Perpetua as a Masculine Woman

Although her transformation in the fourth dream is the most extreme, there are other instances in the Passion that show Perpetua going against what is expected of her gender in a subversive way. Two of these are found in her own narrative and lead up to her final transformation into a man, but there is another found in the editor’s addition to the Passion. Perpetua herself presents three instances of her subverting gender expectations that culminate in her fight with the Egyptian and present a balanced narrative structure that feels intentional. The scene added later—Perpetua meeting the eyes of the audience as she goes to her death—shows that the editor was both aware of Perpetua’s subversive character and encouraged it.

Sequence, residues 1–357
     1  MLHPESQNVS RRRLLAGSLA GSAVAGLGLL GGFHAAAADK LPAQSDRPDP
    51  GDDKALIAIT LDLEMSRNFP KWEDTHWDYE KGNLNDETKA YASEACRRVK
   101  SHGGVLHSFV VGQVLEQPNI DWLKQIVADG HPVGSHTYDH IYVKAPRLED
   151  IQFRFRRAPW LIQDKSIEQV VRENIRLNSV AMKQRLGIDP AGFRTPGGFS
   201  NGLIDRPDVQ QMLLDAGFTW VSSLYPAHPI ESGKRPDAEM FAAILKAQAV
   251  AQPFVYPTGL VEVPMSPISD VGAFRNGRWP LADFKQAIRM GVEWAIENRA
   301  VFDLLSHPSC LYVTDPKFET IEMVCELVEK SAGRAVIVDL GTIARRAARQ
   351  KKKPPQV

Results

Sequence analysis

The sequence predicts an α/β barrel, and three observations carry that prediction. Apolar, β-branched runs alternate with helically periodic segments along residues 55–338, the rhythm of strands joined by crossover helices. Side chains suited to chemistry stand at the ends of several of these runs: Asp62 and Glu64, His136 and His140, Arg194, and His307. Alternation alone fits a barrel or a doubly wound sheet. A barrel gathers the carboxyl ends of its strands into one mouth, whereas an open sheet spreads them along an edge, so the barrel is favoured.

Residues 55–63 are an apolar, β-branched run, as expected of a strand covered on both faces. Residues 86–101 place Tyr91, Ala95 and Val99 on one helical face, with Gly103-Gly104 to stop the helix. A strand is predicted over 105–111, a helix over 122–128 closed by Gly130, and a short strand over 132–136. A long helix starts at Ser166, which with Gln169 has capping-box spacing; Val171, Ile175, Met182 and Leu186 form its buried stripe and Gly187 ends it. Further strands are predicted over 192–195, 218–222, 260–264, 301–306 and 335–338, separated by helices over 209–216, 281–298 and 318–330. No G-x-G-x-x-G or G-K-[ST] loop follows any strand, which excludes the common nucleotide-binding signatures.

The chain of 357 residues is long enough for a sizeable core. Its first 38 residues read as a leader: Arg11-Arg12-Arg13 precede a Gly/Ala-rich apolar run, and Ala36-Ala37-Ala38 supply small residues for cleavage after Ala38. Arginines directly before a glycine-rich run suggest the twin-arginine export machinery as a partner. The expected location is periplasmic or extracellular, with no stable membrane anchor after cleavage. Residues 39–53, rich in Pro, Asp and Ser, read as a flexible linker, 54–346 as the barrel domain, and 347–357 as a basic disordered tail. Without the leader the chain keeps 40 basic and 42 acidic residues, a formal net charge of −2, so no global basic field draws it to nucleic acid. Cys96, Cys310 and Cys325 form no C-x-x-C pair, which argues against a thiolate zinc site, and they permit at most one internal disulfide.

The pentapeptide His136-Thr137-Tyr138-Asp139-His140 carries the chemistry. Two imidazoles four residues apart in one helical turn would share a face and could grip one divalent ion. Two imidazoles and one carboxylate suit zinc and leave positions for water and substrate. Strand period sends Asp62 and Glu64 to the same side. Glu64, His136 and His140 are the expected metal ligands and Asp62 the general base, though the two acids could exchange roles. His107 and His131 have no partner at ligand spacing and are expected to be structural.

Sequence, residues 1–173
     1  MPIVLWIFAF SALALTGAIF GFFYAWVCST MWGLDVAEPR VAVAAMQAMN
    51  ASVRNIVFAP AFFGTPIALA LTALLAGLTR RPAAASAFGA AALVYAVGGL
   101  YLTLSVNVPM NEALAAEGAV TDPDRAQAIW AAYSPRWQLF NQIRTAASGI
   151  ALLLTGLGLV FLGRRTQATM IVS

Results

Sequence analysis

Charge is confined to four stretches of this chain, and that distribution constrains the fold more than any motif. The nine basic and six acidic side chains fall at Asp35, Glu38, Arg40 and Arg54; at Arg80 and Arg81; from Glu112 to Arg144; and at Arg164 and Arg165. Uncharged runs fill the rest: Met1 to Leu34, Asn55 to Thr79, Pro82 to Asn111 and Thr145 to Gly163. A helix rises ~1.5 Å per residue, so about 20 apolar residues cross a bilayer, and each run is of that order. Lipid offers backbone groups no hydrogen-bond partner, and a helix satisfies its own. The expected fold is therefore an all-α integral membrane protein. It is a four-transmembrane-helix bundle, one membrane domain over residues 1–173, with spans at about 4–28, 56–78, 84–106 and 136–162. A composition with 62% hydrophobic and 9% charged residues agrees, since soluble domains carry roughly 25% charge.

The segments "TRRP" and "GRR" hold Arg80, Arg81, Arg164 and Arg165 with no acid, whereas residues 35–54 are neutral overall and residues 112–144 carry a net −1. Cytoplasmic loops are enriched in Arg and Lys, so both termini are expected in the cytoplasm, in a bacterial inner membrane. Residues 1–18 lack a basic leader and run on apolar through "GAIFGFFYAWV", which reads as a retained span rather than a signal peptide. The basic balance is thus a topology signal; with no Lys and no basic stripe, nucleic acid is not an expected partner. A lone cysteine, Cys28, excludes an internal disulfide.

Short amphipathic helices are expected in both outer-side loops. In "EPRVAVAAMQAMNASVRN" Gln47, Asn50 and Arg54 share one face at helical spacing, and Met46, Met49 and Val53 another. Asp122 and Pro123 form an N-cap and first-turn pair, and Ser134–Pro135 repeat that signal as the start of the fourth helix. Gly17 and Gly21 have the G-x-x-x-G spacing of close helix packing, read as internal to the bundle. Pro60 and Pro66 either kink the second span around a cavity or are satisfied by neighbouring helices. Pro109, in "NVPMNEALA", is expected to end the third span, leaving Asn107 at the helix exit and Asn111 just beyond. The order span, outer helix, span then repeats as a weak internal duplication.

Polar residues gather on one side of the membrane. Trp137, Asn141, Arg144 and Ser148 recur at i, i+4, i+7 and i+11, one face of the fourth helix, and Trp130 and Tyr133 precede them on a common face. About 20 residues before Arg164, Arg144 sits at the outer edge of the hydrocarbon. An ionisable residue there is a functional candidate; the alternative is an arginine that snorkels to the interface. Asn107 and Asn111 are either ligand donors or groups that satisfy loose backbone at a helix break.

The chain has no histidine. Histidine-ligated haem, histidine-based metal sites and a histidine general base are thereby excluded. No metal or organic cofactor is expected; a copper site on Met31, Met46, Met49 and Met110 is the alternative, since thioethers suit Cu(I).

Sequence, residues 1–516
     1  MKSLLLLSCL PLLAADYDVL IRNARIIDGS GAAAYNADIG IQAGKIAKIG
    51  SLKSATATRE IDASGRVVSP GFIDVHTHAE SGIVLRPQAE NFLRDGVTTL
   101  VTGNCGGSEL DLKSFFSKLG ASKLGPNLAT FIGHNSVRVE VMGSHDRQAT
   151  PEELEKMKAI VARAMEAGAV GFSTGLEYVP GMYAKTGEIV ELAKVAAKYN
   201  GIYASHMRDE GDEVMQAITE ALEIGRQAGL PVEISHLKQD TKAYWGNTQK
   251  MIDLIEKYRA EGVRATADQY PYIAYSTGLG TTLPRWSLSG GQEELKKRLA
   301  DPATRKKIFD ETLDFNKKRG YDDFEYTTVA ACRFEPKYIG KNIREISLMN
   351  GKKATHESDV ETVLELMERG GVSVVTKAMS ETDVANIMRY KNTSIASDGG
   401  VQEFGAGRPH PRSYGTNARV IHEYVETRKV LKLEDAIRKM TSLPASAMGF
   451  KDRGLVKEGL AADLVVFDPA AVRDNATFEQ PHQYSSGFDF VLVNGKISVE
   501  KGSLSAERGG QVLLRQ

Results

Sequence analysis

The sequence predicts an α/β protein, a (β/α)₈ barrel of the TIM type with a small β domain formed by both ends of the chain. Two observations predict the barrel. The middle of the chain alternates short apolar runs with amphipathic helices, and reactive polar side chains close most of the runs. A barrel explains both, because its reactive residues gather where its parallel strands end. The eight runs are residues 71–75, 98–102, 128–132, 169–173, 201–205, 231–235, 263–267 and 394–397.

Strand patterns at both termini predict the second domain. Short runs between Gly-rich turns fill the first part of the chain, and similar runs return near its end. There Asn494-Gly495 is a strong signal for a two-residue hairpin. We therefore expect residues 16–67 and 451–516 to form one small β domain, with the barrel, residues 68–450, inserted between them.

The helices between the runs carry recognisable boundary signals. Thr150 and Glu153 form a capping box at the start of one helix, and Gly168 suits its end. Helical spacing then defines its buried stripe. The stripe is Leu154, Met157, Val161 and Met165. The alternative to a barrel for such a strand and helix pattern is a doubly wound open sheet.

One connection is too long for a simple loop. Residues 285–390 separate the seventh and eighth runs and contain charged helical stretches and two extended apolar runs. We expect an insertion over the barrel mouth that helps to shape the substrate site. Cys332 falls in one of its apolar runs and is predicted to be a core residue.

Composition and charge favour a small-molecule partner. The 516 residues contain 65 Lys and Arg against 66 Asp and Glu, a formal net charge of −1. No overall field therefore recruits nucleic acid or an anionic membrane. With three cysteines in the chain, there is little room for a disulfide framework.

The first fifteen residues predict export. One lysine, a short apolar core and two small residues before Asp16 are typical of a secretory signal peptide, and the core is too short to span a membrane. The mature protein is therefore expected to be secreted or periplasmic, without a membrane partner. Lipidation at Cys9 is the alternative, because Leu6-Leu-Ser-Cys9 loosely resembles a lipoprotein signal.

In Perpetua’s first dream, she sees her fellow future-martyr Saturus at the top of a ladder that is lined with weapons.25 At the foot of the ladder is a serpent, who, as Saturus warns, will hurt her if she is not careful.26 Instead, Perpetua uses the serpent as a tool to climb the ladder and enter Heaven. She writes, “Et desub ipsa scala, quasi timens me, lente eiecit caput. Et quasi primum gradum calcarem, calcavi illi caput et ascendi.27 Here, Perpetua references Eve and proves herself above the sin that is ascribed to her gender by using the serpent for her own advantage, rather than falling victim to it. In Sermon 280, Augustine speaks of this scene favorably, saying “Thus the head of the ancient serpent, which had been the ruin of woman as she fell, was made into a step for woman as she ascended.”28 She ascends into a garden, mirroring the one that Eve was banished from. This scene also has another heavily gendered interpretation when the serpent is taken as a phallic symbol. From this perspective, Perpetua uses masculinity as a tool to lift herself into Heaven. This is very similar to her final transformation, where she uses a masculine body to defeat the devil. This is the first of the three scenes, and when paired with the last in this way, shows that Perpetua was very aware of her narrative structure when writing this account. Everything that Perpetua wrote, including her claim to a male body, is intentional.